This explanation also poses the question of why Greek producers did not reduce prices despite a reduction of labor costs. The simple answer is: lack of competition. It can be observed at the gas pump: when oil prices soar, gas prices raise almost contemporaneously. When oil prices drop, the price of gas does so much slower and often not proportionally. This delayed and partial response is more visible in the areas where the retail gas market is less competitive. In the extreme case of only one pump in a radius of 400 kilometers, why should that pump reduce the price of gas when the oil price goes down, given the fact that, in the short-term, the demand of gas is very inelastic vis-à-vis the price?
Greece represents an extreme version of this phenomenon. The goods and service markets are much less competitive than the Irish and Spanish ones. This is the reason why the International Monetary Fund (IMF) has grossly underestimated the multiplying effect of a spending cut. In the IMF model, the recessive effects of a spending cut were mitigated by a fall of goods prices that, on one side, reduced the negative effect on aggregate demand of a reduction of nominal salaries, and, on the other, favored an increase of exports.
What is the lesson? The lesson is: austerity works only with a competitive domestic goods and services market. If these markets are competitive, a reduction of public spending can be reabsorbed by the private sector in a short time. If these markets are not competitive, it cannot. Therefore, the Troika should have proceeded, first, to the liberalization of the goods and service market and, then—and only then—to the liberalization of the labor market and massive cuts to public spending. Unfortunately, two factors were conspiring against this optimal sequence: the enormous fiscal deficit—requiring immediate intervention, and the veto power of the many business lobbies opposing liberalizations.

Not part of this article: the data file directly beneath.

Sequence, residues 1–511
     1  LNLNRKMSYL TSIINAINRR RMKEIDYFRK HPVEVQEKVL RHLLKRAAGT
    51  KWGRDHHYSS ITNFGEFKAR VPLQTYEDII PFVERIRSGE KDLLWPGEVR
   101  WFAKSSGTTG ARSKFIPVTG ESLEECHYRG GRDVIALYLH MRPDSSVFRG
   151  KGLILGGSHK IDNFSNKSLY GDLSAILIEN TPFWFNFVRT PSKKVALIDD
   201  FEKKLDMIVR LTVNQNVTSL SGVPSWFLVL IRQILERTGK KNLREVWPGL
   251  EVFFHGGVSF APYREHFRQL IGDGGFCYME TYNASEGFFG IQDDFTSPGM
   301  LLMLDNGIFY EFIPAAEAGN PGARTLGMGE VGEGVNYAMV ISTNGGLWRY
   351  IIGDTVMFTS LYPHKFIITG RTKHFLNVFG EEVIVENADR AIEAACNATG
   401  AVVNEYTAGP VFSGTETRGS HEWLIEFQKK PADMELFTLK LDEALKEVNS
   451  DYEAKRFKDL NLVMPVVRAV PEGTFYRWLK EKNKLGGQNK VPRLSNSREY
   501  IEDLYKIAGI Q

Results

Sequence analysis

Will it be possible for the government that will come out of this election to change route? If not even a radical leftist party such as Syriza managed to overcome the power of lobbies, why should New Democracy—traditionally the establishment’s party—or a grand coalition supposed to place everyone on the same page?
Le elezioni greche sono alle porte ma, a differenza della campagna elettorale dello scorso gennaio, non c ‘è una profonda contrapposizione ideologica tra i sostenitori e gli oppositori dell’austerità. Tsipras ha firmato il terzo memorandum con la UE e ora deve difenderlo. Solo Unità Popolare, che raccoglie i fuoriusciti da Syriza, si oppone agli accordi, proponendo esplicitamente un’uscita della Grecia dall’euro. Il consenso di cui gode, però, al momento rimane limitato. Anche se il dibattito politico sulle ricette imposte alla Grecia si è attenuato, quello economico no. Ci si continua a interrogare sul perché le ricette della cosiddetta Troika abbiano fallito così miseramente in Grecia, mentre hanno funzionato bene in Irlanda e sembrano dare i primi frutti in Portogallo. Una possibile risposta emerge in un nuovo lavoro scritto dal premio Nobel Christopher Pissarides insieme a Yannis loannides. La risposta è molto semplice: le svalutazioni interne funzionano solo se il mercato domestico è competitivo.